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The first sexual relationship and its effects on future relationships

The first sexual relationship and its effects on future relationships

Recent research finds that the way in which the first sexual experience occurred during adolescence and romantic ties in adulthood are related

In their study, scientific psychologist Paige Harden investigated how the time of sexual initiation in adolescence influences subsequent romantic outcomes, such as if people marry or live with their partners, how many romantic partners they get, and Whether they are satisfied with their relationship or not in adulthood.

To answer these questions, Harden and his colleagues at the University of Texas at Austin used data from the National Longitudinal Study of Adolescent Health conducted between same-sex siblings, which were followed since the adolescence (around 16) and until the young adult age (about 29).

Harden's findings were presented in a research article published in the journal. Psychological Science, of the Association for Psychological Science.

Apparently and to begin with, those who had the first sexual experience at later ages, usually achieved a higher educational level and higher family income in adulthood, compared to those who had them at earlier ages.

People who had a first sexual experience later were also less likely to be married and had fewer romantic partners in adulthood.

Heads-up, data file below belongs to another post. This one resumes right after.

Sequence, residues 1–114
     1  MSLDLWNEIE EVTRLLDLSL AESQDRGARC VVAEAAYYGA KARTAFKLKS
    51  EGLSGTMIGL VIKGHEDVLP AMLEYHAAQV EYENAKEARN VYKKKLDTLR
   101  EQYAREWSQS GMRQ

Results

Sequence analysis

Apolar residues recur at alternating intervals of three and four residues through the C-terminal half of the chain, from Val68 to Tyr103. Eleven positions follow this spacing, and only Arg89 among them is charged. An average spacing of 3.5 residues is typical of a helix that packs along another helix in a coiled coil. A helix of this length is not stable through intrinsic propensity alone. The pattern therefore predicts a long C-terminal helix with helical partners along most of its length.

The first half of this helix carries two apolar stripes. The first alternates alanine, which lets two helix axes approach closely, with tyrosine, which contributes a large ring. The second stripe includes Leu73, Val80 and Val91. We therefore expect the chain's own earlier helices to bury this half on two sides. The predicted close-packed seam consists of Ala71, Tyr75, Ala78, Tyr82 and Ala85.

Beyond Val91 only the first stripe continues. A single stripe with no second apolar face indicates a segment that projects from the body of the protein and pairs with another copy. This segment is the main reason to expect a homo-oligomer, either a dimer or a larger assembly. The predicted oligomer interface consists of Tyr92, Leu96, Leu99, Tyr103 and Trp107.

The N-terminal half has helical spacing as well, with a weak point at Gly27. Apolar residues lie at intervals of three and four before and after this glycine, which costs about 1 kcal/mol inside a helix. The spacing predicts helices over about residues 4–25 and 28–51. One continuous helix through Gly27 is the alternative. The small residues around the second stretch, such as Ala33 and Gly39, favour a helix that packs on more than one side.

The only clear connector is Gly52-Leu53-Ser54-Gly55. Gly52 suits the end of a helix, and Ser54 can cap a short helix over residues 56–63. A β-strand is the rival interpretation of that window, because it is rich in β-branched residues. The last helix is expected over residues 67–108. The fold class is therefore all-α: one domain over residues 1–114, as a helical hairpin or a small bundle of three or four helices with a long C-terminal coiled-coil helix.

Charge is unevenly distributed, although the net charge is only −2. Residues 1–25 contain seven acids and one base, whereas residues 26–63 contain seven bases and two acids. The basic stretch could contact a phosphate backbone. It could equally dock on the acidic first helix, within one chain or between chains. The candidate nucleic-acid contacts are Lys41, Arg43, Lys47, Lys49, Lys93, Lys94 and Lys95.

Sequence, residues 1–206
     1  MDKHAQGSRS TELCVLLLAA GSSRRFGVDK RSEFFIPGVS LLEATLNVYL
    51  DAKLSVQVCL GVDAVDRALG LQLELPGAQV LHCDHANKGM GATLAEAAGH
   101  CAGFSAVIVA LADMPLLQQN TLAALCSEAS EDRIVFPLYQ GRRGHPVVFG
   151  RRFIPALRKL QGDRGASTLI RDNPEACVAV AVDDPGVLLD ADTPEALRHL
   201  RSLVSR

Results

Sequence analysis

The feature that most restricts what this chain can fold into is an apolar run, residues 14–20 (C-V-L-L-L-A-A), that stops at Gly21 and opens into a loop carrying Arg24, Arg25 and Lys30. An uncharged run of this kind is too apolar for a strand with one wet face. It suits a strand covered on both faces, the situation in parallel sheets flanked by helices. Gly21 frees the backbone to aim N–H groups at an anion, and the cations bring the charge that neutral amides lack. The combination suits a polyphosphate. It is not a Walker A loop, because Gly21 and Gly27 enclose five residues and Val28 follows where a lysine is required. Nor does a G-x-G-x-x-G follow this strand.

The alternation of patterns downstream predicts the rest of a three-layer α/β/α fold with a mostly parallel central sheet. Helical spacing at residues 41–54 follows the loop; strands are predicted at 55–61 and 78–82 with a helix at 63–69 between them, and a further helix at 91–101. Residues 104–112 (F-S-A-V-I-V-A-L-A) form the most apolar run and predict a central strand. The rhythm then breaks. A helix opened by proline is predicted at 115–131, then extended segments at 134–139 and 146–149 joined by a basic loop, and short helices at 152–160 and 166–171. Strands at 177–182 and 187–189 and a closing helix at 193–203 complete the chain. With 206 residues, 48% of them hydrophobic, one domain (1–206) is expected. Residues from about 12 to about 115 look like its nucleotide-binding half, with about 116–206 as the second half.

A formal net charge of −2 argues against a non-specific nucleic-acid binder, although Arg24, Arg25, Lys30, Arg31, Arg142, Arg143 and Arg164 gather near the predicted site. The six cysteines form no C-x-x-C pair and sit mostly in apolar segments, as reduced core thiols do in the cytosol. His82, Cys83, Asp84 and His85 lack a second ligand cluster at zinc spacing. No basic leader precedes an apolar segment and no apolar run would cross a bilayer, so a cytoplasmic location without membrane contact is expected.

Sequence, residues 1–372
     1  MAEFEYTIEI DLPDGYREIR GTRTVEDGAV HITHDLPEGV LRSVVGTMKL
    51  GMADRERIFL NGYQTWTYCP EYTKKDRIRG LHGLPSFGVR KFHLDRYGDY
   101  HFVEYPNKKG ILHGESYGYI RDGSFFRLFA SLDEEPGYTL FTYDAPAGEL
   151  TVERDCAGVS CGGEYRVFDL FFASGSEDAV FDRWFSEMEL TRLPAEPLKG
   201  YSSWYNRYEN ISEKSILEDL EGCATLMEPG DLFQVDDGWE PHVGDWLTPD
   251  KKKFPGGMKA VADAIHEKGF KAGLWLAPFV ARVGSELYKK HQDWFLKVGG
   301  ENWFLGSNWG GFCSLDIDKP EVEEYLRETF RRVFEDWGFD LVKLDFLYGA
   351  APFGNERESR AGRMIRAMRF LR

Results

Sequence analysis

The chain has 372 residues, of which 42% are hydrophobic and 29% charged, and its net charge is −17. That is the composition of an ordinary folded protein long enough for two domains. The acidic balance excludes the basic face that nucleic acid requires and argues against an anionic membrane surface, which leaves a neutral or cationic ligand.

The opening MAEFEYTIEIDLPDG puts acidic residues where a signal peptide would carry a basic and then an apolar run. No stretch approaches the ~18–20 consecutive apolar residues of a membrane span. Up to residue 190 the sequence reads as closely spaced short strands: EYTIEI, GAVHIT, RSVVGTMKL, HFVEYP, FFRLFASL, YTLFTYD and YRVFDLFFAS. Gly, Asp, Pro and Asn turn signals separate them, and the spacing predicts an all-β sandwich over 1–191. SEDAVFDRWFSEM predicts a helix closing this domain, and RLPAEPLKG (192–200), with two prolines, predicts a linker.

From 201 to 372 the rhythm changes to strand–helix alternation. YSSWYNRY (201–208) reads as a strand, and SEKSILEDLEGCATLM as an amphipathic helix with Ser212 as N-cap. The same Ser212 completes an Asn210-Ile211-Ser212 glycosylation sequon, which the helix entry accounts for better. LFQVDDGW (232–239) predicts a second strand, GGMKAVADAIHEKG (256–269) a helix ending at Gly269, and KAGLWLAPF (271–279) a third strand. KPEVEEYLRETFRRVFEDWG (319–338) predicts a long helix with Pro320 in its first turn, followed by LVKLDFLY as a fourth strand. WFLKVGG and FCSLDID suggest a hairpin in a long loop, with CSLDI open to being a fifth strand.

Among subjects who were married or lived as a couple, later sexual initiation was also associated with lower levels of dissatisfaction with your partner during adulthood.

The researchers found that these associations about late sexual experience were not modified when genetic and environmental factors were taken into account. Nor could they be explained by the differences in the educational level of the subjects, income or religiosity, or by the differences in the participation of adolescents in appointments, or their body attractiveness.

Experts believe the results affirm that the moment of the first experience with sex predicts the quality and stability of romantic relationships In young adulthood.

The researchers also say the data suggests that early initiation is not a "risk" factor as much as late initiation is a "protective" factor in shaping the results of future relationships.

According to Harden, there are several possible mechanisms that could explain this relationship.

One of them would be that people who have the first sexual encounter later also have certain specific characteristics of personality (for example, a secure attachment style) that have an effect on sexual retardation and the quality of the relationship.

Another aspect could be that they were more selective in their choice of sentimental and sexual partners, hence this delay appears in entering into intimate relationships, unless they think they will be really satisfactory.

Finally, Harden said it is possible that "individuals who have intimate relationships at later ages, after they have accumulated greater cognitive and emotional maturity, can learn more effective relationship skills than individuals who learn intimate relationship patterns when they are still teenagers."

Experts say that additional research is needed to corroborate which of these mechanisms may actually be the greatest indicator of association between the time of the first sexual encounter and the results in future relationships.

According to her: "We are beginning to understand how teenagers' sexual experiences influence their development and relationships in the future.".